Of course, the government does engage in shadowy misdeeds. And it is often able to dismiss critics by pejoratively invoking conspiracy theories.. The history of CIA covert operations, secret projects like MKUltra, and the Watergate scandal all have the trappings of conspiracy theories. Sometimes, when time upsets many fighting faiths, it’s the official narrative that’s subordinated to the conspiratorial truth. The First Amendment protects our power to question government authority, to draw our own conclusions based on the evidence available. Evaluating the plausibility of the ideas in the public milieu is our responsibility. Otherwise we have little recourse to challenge government coverups, misstatements, and values-driven narratives. Misinformation is part of democratic discourse. To say otherwise would be to drag the United States back into the shadow of the infamous 1798 Sedition Act, criminalizing dissent under the guise of truth-testing.
For good reason, the Supreme Court places stringent restrictions upon government attempts to restrain incendiary speech. Rambunctious rhetoric can rouse people to protest in the streets. Bombast can ignite dissent. The Supreme Court has been careful to carve out protections for, say, an anti-Vietnam War protester joking about having Lyndon B. Johnson in the sights of his rifle (Watts v. United States). Threatening but vague rhetoric falls under the First Amendment. Even a Ku Klux Klan member threatening “revengeance” after making racist and anti-Semitic comments is protected, so long as the speech isn’t “directed at inciting or producing imminent lawless action” and isn’t “likely to incite or produce such action” (Brandenburg v. Ohio). Nevermind “downplaying political violence” – only a strident incitement to political violence likely to produce such a result would fall outside the protection of the First Amendment. Musk’s tweets clearly fall short of that standard.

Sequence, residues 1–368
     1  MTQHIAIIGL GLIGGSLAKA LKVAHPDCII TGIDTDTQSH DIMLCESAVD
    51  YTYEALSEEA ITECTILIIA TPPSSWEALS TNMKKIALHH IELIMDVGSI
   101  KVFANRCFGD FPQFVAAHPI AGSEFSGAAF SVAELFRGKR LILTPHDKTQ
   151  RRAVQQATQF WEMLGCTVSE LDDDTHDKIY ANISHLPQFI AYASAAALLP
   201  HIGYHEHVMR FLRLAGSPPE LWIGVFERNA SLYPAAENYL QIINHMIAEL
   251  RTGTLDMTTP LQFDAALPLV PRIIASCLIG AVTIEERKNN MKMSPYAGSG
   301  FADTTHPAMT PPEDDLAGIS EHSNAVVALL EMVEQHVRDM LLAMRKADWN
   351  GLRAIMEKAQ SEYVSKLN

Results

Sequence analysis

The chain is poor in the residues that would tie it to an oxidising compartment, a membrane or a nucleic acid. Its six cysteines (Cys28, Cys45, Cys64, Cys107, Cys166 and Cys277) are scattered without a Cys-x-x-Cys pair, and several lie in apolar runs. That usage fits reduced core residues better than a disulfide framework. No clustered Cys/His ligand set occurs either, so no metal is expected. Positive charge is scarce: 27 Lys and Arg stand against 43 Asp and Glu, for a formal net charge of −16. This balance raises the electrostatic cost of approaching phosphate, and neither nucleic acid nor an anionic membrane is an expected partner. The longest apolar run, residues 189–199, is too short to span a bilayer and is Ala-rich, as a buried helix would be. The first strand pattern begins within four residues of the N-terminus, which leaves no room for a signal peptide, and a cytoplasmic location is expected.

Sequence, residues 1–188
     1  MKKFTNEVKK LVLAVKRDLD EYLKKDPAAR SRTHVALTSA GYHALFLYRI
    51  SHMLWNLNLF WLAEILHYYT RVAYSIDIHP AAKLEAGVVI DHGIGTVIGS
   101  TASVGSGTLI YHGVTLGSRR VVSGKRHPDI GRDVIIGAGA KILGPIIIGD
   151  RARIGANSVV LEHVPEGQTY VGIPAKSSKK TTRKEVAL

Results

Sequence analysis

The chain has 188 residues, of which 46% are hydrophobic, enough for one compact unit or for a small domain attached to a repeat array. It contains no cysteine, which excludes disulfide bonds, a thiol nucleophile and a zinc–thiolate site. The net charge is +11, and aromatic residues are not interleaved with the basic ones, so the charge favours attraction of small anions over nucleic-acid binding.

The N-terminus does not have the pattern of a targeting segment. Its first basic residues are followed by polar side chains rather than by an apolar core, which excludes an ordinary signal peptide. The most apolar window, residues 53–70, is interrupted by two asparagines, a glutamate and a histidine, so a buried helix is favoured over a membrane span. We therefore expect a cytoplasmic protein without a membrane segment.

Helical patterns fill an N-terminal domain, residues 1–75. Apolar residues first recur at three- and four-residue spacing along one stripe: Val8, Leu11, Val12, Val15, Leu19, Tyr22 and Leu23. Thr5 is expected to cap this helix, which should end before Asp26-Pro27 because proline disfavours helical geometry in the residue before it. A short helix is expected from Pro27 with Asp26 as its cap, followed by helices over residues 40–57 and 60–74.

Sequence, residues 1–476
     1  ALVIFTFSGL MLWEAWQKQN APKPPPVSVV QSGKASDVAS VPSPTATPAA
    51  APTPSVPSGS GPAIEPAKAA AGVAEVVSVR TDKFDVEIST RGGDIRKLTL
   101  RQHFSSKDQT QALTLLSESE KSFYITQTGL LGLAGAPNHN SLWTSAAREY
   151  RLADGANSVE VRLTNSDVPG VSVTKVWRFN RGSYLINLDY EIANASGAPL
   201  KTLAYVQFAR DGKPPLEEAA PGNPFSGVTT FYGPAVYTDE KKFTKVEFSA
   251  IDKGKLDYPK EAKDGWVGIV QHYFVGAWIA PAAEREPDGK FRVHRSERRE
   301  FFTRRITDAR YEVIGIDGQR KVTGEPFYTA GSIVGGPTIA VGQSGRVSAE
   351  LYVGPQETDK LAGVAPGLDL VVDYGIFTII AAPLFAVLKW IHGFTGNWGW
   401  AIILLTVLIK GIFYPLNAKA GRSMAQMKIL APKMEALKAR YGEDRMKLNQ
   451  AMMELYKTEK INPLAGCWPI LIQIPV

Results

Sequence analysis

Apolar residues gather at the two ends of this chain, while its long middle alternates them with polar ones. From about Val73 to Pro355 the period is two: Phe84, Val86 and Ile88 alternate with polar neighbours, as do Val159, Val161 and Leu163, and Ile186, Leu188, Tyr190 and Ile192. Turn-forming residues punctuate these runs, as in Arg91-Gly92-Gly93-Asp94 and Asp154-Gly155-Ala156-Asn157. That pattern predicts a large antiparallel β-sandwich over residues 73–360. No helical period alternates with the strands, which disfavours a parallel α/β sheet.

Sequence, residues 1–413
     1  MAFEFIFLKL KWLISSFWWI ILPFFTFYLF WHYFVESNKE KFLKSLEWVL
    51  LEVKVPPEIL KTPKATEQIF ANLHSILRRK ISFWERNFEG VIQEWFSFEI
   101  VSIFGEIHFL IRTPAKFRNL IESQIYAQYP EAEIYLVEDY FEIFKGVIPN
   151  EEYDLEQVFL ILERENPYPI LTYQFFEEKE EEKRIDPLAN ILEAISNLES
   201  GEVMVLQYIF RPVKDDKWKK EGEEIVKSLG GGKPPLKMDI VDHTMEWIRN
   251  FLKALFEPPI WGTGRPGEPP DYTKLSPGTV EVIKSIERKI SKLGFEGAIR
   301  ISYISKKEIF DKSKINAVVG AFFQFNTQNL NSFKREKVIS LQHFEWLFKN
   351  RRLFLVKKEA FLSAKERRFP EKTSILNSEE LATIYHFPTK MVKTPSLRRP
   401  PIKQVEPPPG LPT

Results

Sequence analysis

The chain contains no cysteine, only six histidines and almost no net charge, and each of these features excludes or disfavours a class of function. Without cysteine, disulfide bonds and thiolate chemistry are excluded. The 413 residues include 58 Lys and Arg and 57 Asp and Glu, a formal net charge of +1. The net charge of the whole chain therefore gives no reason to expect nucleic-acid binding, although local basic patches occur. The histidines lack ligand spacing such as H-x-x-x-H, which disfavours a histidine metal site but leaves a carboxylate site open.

This high bar exists for a reason. If legal liability were incurred every time someone committed a crime downstream from political speech, dissent would disappear into a black hole of endless lawsuits. In a theoretical example, a protester leading an anti-cop chant at a Black Lives Matter rally might be held liable if a protester attacked a cop. In historical reality, before current First Amendment jurisprudence, anti-World War I protesters like Eugene Debs were prosecuted under the Espionage Act, simply because their anti-war advocacy might, theoretically, lead to listeners dodging the draft. The Supreme Court has wisely shored up its defense of the First Amendment against attempts to brandish everyday political dissent as incitement to lawless action – though, as we know from War on Terror crackdowns on material support for terrorism, alleging proximity of speech to violence remains a haunting legacy of outdated jurisprudence.
Our take? Senator Durbin clearly needs remedial Con Law 101 courses. The First Amendment defends our fundamental freedom to dissent. Misinformation is part of the messy democratic process, as is overheated political rhetoric. When the government becomes the arbiter of truth, the truth turns into a warped mirror of the government’s interests. However high the stakes, the appropriate remedy for misinformation is critical thinking and public debate, not government intervention.